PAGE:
Facebook's rumored crypto coin is unlikely to replace bitcoin. Other blockchains have developed in response to the shortcomings of bitcoin. Even bitcoin has been forked to deal with the shortcomings of bitcoin.
The shortcomings of bitcoin are that it is expensive to mine, is very volatile in price, does not handle smart contracts, and has a difficult to remember address. Despite all the lessons learned from bitcoin on what not to do, it continues to dominate as one of the top cryptocurrencies. Thus, another alt coin would not make much difference.
Some considerations for Facebook would be whether to host and own all the nodes, whether it would be a stable coin, be able to do contracts, and how accounts would be addressed to make it easier for people to use than bitcoin. Their challenge is to make their currency accessible to non-technical people and to be able to control it.
Facebook could use any currency they want if they intended their blockchain to be decentralized. However, if they want to control it, then they would need to make their own. Thus, having centralized control of the blockchain goes against the idea of bitcoin, which means people would not abandon bitcoin to jump on a centralized blockchain.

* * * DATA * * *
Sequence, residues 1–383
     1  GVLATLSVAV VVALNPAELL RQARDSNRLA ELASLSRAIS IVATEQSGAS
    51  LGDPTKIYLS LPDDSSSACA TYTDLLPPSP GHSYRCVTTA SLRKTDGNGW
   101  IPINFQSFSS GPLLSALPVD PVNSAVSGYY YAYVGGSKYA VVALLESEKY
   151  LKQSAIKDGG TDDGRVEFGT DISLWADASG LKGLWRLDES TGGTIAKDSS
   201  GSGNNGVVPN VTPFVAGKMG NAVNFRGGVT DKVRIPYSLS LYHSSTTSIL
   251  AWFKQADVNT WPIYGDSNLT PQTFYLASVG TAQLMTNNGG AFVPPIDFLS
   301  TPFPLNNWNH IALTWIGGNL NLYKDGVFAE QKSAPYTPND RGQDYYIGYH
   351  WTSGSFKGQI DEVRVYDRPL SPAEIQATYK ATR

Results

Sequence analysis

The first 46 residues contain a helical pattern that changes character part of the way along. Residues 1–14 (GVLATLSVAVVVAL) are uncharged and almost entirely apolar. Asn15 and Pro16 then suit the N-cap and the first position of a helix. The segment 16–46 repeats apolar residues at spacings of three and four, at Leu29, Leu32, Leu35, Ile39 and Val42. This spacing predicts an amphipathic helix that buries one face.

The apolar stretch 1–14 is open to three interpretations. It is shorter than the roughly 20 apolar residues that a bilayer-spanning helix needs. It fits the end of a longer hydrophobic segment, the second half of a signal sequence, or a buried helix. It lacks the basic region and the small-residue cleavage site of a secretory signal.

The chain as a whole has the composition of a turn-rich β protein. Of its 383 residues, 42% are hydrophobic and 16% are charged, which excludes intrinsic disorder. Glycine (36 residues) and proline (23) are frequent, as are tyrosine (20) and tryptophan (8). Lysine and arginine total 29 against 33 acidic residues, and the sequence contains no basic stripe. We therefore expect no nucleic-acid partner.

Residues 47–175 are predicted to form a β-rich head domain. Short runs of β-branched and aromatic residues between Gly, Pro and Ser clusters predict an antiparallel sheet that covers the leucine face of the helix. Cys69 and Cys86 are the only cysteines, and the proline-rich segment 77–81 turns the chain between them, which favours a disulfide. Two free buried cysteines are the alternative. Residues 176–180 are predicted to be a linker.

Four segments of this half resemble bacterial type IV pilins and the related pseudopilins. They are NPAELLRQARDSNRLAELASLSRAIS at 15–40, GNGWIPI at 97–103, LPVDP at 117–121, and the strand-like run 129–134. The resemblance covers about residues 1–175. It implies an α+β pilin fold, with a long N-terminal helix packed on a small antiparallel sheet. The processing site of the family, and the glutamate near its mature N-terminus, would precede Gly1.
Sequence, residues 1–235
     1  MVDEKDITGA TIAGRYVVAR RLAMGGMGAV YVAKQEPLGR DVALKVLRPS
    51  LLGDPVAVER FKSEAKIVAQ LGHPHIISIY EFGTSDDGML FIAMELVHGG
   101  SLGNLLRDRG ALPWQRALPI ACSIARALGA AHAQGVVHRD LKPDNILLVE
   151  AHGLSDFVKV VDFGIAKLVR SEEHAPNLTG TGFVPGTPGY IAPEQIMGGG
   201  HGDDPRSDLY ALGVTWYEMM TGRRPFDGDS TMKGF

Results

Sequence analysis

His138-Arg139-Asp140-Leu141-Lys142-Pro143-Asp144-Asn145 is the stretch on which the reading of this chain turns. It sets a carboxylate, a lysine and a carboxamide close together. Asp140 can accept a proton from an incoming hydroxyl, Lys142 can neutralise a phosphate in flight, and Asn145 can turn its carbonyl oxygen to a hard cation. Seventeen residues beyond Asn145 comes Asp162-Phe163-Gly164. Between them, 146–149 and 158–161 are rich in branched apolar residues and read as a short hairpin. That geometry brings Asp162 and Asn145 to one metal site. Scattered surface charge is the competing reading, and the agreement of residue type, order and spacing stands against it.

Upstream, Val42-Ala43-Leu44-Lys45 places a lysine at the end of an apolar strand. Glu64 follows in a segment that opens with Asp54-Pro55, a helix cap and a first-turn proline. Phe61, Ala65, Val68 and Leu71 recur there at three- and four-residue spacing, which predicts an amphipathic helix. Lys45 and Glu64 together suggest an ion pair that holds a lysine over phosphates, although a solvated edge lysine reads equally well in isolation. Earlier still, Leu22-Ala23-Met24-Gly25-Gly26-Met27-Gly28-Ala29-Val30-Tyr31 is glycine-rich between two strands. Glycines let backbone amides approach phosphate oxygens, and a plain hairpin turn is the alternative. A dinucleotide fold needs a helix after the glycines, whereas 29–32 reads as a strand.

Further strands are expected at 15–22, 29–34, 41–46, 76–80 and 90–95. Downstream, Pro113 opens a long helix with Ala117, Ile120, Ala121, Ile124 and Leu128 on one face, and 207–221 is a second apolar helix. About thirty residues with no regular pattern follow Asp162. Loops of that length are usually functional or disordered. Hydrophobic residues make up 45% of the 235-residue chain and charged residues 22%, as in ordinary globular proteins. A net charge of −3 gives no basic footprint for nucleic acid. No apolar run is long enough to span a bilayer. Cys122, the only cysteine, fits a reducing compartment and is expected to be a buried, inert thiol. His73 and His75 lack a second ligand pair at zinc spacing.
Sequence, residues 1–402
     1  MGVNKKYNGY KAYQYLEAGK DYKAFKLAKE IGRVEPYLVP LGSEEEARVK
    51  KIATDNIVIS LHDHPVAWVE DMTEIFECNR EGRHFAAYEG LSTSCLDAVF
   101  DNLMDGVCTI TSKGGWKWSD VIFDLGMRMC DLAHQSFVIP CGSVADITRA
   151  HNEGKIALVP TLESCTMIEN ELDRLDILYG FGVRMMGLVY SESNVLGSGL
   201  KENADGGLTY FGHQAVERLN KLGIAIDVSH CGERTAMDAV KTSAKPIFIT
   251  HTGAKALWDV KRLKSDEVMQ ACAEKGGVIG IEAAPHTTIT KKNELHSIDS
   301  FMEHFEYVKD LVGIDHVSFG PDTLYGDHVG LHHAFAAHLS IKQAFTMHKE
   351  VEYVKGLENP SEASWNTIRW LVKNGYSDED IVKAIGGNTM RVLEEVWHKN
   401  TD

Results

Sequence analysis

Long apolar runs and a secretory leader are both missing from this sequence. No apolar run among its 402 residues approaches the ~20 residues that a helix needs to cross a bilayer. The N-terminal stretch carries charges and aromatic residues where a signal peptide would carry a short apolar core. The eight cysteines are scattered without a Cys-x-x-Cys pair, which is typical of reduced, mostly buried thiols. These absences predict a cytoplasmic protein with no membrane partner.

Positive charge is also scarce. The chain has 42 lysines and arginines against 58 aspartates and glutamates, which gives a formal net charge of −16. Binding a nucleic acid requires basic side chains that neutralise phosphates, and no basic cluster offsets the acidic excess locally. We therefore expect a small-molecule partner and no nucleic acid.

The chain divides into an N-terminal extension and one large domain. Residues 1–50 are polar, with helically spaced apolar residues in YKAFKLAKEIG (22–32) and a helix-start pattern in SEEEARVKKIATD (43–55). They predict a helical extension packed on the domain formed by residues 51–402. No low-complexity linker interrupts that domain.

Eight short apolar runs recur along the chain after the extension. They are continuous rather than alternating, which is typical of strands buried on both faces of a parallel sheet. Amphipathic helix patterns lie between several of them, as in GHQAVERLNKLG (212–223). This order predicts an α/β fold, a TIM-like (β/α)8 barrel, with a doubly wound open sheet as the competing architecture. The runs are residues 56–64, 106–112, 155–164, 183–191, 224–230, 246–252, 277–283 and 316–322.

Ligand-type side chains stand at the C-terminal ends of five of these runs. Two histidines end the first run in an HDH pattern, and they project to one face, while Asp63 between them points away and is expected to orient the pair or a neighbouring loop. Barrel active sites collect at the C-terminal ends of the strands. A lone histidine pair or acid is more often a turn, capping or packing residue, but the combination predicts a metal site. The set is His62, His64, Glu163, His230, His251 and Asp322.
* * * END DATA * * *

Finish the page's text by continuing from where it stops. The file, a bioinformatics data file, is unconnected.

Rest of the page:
If, on the other hand, Facebook made their currency open-sourced and decentralized, then perhaps you may see greater use from the crypto community, which is different from the average Facebook user. However, it is unlikely to lure people away from bitcoin entirely. What makes bitcoin useful is its scarcity and resistance to scaling, both of which are of little use to Facebook. They need a coin that can expand and scale to billions of users. This is a different need than what bitcoin fills.